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Outdoors

  • Wood rats are interesting animals, though unwanted tenants

    (Reprinted from Sept. 17, 2008)

    A friend who volunteers at the Evergreen Nature Center stopped by last week to show us photographs of a wood rat taken by a couple who live on Upper Bear Creek. These folks had seen and heard some little critter in their house and wanted to be sure to live trap it and remove it before they left on a vacation.

  • Take a hike: Observing trail etiquette is important for all users

    Within my first month of living in Colorado, I learned the hard way how to use trails properly and politely. And as more and more visitors flock to Colorado — some of those using local trails might be novices.

    Public parks are wonderful things, and open to all. Everyone should be able to feel comfortable using the trails, no matter their type of recreation. So below are some trail etiquette tips that I’ve compiled with the help of Jeffco Open Space.

    For pedestrians

  • It’s important for foothills residents to be bear-responsible

    (Reprinted from Sept. 15, 2010)

    Bears have been particularly plentiful this summer and will continue to be until about the first of November when snow and cold weather will send them into hibernation.

    We have had a female with three cubs roaming around Herzman’s Mesa most of the summer. This is a dangerous situation, and we need to do everything we can do to avoid human contact with these bears.

  • Jeffco Open Space eyes land purchase — in Clear Creek County

    The Jeffco Open Space staff is working on a land acquisition many involved think could be unprecedented for the county.

    Last month, Open Space Director Tom Hoby met with the county commissioners to present his agency’s second-quarter update. The meeting included highlights of eight projects Hoby wants the commission to approve, the most interesting of which is a potential land deal across the county line in Clear Creek.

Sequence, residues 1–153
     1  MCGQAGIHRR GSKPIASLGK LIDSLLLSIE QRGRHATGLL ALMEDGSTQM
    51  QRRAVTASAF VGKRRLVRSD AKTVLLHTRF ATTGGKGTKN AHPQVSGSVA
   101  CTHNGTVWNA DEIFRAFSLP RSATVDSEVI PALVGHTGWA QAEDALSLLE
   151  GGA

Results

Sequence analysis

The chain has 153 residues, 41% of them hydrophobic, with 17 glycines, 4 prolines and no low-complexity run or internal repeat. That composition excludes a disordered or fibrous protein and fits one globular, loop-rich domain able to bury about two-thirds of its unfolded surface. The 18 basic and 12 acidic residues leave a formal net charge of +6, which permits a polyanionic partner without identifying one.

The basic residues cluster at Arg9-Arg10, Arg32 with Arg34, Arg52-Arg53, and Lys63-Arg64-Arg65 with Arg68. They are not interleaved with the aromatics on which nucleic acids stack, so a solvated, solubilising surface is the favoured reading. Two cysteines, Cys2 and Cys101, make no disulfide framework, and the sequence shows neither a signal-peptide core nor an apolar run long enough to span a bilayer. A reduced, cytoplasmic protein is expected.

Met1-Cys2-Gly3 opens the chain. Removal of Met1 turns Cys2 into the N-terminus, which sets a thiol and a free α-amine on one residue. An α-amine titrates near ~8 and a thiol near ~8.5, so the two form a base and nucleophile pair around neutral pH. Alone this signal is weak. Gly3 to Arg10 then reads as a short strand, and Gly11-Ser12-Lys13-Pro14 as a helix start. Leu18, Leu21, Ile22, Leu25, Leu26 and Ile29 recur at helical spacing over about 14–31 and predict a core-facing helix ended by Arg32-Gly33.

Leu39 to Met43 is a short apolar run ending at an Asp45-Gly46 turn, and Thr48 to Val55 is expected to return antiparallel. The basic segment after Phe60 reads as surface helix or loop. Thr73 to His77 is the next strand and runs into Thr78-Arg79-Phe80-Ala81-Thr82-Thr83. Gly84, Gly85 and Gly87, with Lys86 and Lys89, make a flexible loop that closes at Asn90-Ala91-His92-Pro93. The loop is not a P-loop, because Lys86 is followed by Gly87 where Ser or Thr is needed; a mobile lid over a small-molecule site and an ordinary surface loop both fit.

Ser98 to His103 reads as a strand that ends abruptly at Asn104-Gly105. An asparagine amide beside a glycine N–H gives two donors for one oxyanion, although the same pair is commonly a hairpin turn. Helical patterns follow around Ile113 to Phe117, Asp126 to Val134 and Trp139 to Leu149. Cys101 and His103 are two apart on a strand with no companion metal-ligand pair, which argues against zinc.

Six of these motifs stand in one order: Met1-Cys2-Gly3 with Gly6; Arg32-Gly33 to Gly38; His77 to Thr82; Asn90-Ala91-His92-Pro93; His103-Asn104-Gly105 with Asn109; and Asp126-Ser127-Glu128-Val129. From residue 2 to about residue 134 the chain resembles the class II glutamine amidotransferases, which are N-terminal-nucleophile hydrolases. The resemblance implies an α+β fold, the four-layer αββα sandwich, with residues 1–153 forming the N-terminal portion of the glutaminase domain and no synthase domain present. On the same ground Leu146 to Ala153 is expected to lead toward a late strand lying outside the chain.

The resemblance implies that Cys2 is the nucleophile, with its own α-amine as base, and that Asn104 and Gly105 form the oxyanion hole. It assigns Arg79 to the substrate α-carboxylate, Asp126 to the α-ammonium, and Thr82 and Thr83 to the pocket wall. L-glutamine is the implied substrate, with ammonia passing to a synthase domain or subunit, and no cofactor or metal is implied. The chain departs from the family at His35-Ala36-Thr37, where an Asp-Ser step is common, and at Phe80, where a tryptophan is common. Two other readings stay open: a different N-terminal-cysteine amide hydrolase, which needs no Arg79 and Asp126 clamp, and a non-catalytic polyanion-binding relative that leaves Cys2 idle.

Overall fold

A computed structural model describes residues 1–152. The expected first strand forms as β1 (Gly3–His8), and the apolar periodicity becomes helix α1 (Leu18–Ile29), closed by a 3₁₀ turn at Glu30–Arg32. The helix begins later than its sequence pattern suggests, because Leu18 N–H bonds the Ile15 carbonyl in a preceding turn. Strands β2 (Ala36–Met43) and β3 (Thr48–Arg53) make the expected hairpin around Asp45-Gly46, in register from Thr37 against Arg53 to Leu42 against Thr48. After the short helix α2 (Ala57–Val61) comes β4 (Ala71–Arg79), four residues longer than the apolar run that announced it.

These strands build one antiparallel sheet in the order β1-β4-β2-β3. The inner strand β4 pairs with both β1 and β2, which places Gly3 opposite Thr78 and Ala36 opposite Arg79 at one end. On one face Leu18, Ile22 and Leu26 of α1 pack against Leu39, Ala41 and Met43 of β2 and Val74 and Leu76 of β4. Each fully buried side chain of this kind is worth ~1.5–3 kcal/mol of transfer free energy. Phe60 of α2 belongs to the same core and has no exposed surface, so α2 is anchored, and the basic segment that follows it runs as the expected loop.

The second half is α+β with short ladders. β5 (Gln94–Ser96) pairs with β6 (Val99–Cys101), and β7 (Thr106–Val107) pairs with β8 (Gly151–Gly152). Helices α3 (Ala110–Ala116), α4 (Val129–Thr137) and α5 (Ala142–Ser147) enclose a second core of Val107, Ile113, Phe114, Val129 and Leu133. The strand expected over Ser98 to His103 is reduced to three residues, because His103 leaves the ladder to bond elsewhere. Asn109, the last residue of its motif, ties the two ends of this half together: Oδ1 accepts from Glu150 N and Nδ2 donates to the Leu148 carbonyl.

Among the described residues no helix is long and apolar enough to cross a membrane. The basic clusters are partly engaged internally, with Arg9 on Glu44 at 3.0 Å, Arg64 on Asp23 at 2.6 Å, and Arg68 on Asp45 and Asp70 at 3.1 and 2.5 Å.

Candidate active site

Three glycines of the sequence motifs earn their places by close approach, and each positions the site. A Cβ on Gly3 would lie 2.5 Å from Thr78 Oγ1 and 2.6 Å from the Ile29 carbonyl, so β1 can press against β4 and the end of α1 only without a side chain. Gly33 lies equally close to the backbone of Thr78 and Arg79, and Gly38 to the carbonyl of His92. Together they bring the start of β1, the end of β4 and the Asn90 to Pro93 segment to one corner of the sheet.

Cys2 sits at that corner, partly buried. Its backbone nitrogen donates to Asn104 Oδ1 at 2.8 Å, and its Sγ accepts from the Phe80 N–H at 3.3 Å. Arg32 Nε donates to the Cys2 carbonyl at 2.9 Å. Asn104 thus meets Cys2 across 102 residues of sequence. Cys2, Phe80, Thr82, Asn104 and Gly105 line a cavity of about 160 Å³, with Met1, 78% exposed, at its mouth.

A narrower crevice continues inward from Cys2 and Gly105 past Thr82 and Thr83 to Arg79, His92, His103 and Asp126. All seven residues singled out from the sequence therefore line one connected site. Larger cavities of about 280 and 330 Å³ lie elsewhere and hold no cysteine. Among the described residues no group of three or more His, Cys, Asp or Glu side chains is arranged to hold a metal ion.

• Wet summer has brought new weeds to the area

    (Reprinted from Sept. 2, 2009)

    On Friday evening, Aug.14, the Weed Awareness Committee met for its last summer weed pulling at Evergreen Lake.

    This rainy summer has produced an unusual number of weeds, as well as unusually big weeds. Two of the participants had brought a sample of a new weed that had appeared in their yard.

  • Evergreen teen finds his calling in the wild

    Instead of attending English Composition 101 and anatomy lectures, Winston Buchanan, 19, of Evergreen opted to spend his most recent college semester building igloos and rock-climbing.

    Buchanan took part in the National Outdoor Leadership School’s Spring Semester in the Rockies program, which included expedition courses in which students of all ages learn technical outdoor and survival skills, leadership and environmental ethics.

  • Leafy spurge weeds can grow in abundance unless eradicated

    (Reprinted from Aug. 29, 2012)

    It’s beginning to look a lot like autumn, I’m unhappy to say. Seldom does autumn come this early, but the drought seems to have made plants mature early, and many of the late summer and autumn flowers are blooming or past blooming already.

    When any plant is stressed by drought or any other condition, they do what all plants do: They bloom and produce seeds to carry on the species. Last week, Sylvia Robertson brought me a plant specimen taken from a large patch at Evergreen Lake.

  • Migrating nighthawks fill the evening air

    (Reprinted from Aug. 22, 2012)

    There is a small order of birds known as goatsuckers. The scientific name is the Caprimulgiformes, which comes from the Latin Caprimulgus, a milker of goats and forma or form.

    This name comes from the old belief that these birds, which are often seen in low sweeping flight over meadows, were sucking the milk out of goats. There are not as many species in this order as there are in some other orders such as finches and warblers.

  • The art of birding requires observing and listening

    (Reprinted from Aug. 18, 2010)

    People often ask me how I happen to see so many more birds and animals than they do.

    They often say that they at least drive into downtown Evergreen every day, sometimes more than that, and they don’t see half as many things as I do.

  • Teen workers repair trails at Elk Meadow Park

    About 90 teenagers were working to repair trails at Elk Meadow Park throughout the day on Aug. 2.

    Jeffco Open Space’s Trail Stewardship Team, which is a paid summer job for 14- to 18-year-olds, works on trail maintenance projects Tuesdays through Thursdays for eight weeks in the summer.